Industrials have been my favorite sector for the fourth quarter of this year; my latest recommendati...
Delta: "Compelling Value"
06/23/2016 7:00 am EST
Out latest Focus Stock — which carries S&P Global Market Intelligence’s highest strong buy ranking of 5-STARS, or Strong Buy — is the third-largest passenger airline in the US, notes Jim Corridore, S&P Global Equity analyst, in The Outlook.
We think Delta Air Lines (DAL) is well ahead of peers in financial performance.
On top of that, given our positive view of the US airline industry, we think the company is extremely well positioned to benefit from positive trends in demand, costs, cash generation, and profits, which we expect to continue.
In October 2008, Delta completed a merger with Northwest Airline; it was the first to consolidate and grow its global network through a merger.
This head start enabled Delta to complete merger integration way ahead of other airlines and has given it an advantage in unit revenues and unit costs. Delta now serves 328 destinations in 57 countries.
Delta has also generated a tremendous amount of cash and has used that cash in very creative ways, in addition to cutting debt, buying back stock, and paying a dividend that has been rising over time.
Delta, along with the entire US airline industry, has benefited tremendously from lower oil prices. Total fuel costs dropped to $7.6 billion in 2015, from $13.5 billion in 2014.
We expect fuel costs to fall again in 2016, though by a much smaller amount. Average price per gallon paid dropped to $1.90 in 2015, from $3.47 in 2014.
Recent moves by Delta to reduce capacity should enable the airline to maintain pricing power and make for strong summer profits.
We expect fuller flights at slightly higher fares in the second and third quarters of 2016 versus 2015. This, along with low energy prices, should drive strong profits for Delta in 2016.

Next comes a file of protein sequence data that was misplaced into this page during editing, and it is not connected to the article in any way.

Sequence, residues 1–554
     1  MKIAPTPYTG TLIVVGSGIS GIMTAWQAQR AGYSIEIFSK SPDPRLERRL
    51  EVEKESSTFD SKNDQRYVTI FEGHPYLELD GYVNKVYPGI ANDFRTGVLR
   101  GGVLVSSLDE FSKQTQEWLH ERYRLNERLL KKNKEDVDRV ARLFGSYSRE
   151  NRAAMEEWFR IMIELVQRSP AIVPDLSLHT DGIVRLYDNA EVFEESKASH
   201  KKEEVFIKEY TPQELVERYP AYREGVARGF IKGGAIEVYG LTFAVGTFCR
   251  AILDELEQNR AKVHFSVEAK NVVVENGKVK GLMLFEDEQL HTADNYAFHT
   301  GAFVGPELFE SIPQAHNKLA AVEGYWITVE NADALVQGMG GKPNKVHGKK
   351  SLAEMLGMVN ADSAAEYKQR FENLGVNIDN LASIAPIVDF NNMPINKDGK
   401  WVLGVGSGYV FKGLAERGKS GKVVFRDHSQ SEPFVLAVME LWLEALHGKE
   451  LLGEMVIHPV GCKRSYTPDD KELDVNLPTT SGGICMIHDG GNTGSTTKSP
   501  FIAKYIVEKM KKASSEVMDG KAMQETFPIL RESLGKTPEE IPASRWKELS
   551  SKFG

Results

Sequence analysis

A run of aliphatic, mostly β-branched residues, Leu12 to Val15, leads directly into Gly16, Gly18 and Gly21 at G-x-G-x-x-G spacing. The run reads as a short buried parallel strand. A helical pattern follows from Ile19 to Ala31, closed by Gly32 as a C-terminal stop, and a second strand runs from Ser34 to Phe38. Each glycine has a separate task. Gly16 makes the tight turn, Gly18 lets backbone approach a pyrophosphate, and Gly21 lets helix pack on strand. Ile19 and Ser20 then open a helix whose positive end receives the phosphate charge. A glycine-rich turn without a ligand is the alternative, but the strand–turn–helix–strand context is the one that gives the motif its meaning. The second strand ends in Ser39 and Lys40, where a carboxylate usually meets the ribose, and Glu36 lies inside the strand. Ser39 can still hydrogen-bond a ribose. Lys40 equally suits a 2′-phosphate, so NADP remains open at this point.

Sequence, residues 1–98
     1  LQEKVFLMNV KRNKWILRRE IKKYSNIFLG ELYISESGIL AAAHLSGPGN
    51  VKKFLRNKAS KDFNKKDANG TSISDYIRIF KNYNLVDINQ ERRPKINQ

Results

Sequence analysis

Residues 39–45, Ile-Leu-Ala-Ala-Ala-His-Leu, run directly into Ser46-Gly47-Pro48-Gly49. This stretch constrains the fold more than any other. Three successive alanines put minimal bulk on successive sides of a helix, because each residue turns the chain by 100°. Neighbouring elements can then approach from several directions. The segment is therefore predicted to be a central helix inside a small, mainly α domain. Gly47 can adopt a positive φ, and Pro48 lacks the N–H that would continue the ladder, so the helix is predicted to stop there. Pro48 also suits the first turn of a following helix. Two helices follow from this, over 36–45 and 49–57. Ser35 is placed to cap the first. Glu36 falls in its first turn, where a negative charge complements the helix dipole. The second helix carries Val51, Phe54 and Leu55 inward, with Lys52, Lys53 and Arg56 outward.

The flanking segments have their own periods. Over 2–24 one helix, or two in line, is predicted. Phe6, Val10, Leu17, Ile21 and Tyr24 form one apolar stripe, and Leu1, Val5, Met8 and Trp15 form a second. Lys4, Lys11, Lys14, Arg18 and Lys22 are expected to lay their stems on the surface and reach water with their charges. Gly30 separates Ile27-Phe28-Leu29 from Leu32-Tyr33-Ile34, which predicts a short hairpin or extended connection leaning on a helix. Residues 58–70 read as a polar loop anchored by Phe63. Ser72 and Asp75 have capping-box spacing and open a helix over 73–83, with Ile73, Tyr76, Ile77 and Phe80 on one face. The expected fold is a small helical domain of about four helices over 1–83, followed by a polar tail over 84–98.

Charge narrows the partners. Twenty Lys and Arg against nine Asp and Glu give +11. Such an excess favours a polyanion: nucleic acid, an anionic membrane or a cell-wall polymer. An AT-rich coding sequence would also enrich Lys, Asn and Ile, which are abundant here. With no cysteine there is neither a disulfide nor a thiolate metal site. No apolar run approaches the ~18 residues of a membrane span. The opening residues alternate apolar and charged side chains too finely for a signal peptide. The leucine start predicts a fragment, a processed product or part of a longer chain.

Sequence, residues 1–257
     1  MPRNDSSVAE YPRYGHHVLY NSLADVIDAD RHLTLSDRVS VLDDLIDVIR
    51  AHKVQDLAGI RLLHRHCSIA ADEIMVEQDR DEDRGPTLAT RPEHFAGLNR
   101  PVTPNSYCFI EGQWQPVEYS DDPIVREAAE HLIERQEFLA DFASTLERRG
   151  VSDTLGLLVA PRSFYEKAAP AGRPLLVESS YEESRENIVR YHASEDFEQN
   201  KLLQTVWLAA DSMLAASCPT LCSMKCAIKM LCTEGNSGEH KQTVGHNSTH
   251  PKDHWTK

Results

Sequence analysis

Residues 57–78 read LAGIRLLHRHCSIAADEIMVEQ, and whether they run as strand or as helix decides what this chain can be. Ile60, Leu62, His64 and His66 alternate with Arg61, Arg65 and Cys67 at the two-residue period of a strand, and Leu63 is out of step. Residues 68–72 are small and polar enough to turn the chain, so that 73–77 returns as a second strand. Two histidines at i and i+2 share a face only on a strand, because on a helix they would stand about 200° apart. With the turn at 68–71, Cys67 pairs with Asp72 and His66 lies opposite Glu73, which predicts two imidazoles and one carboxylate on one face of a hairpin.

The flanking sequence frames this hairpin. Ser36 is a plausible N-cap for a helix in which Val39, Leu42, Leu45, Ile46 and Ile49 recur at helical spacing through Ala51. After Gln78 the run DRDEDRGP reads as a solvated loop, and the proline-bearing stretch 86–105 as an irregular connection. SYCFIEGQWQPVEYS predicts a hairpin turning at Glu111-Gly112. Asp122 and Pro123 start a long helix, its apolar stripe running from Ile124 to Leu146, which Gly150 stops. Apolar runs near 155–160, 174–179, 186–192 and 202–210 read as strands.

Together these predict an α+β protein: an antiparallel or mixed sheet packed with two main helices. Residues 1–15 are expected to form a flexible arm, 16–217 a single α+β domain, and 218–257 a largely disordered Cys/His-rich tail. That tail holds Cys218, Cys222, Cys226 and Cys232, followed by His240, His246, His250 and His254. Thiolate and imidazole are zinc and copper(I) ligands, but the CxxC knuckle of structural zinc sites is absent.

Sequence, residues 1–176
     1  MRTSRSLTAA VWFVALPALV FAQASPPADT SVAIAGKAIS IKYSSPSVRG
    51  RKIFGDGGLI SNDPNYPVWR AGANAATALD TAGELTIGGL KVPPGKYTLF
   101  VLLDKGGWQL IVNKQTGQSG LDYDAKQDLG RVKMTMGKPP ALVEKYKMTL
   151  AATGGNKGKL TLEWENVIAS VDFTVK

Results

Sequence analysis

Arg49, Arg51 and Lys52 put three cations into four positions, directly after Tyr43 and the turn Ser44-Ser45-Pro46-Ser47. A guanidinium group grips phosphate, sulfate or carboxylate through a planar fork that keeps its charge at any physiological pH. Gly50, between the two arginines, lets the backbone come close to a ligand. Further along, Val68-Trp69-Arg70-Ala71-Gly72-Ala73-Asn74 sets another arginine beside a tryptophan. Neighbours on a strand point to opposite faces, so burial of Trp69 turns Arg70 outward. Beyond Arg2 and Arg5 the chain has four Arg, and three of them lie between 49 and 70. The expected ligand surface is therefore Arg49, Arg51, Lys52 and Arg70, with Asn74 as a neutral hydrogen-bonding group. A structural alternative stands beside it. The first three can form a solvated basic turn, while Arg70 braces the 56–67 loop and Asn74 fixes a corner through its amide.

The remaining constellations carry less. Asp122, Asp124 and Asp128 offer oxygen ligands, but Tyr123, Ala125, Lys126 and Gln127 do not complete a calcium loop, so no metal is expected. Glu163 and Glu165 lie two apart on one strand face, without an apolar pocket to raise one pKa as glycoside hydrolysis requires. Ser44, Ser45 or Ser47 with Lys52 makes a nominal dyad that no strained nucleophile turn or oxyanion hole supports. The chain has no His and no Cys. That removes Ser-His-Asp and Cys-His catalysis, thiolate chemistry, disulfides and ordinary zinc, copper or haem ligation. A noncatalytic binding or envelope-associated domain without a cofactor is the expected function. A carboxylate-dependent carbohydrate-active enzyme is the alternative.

Along with these strong profit comes strong cash generation. Delta has used this cash to cut its net debt (long-term debt minus cash) to $6.7 billion at the end of 2015, from $15 billion at the end of 2010. Delta plans for net debt to be $5.0 billion by the end of 2016.
Other creative uses of its cash include the 2012 purchase of an oil refinery that provides Delta with protection against swings in the cost to refine oil into jet fuel and which required a relatively small investment of $250 million.
Risks to our opinion and target price include possible higher oil prices, intensifying price competition, and a slower economic recovery. Worries about the Zika virus and terrorist incidents represent additional risks.
We find the current valuation of six times forward EPS extremely compelling, and expect the shares to significantly outperform the market over the next 12-months.
By Jim Corridore, S&P Global Equity Analyst in The Outlook
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